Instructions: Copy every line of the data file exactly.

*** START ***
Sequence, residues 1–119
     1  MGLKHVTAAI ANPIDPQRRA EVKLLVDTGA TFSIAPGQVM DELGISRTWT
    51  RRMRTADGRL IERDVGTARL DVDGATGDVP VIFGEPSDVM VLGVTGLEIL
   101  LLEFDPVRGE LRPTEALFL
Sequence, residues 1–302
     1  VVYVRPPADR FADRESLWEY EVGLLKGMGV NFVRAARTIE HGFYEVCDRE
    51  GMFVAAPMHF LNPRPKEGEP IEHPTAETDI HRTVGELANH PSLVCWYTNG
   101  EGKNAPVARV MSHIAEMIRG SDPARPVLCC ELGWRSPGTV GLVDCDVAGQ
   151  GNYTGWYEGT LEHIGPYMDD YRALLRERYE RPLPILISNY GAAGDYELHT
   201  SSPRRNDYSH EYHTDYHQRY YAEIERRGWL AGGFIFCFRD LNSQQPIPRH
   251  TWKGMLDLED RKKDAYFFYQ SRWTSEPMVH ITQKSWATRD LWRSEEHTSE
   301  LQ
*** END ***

Sequence, residues 1–119
     1  MGLKHVTAAI ANPIDPQRRA EVKLLVDTGA TFSIAPGQVM DELGISRTWT
    51  RRMRTADGRL IERDVGTARL DVDGATGDVP VIFGEPSDVM VLGVTGLEIL
   101  LLEFDPVRGE LRPTEALFL
Sequence, residues 1–302
     1  VVYVRPPADR FADRESLWEY EVGLLKGMGV NFVRAARTIE HGFYEVCDRE
    51  GMFVAAPMHF LNPRPKEGEP IEHPTAETDI HRTVGELANH PSLVCWYTNG
   101  EGKNAPVARV MSHIAEMIRG SDPARPVLCC ELGWRSPGTV GLVDCDVAGQ
   151  GNYTGWYEGT LEHIGPYMDD YRALLRERYE RPLPILISNY GAAGDYELHT
   201  SSPRRNDYSH EYHTDYHQRY YAEIERRGWL AGGFIFCFRD LNSQQPIPRH
   251  TWKGMLDLED RKKDAYFFYQ SRWTSEPMVH ITQKSWATRD LWRSEEHTSE
   301  LQ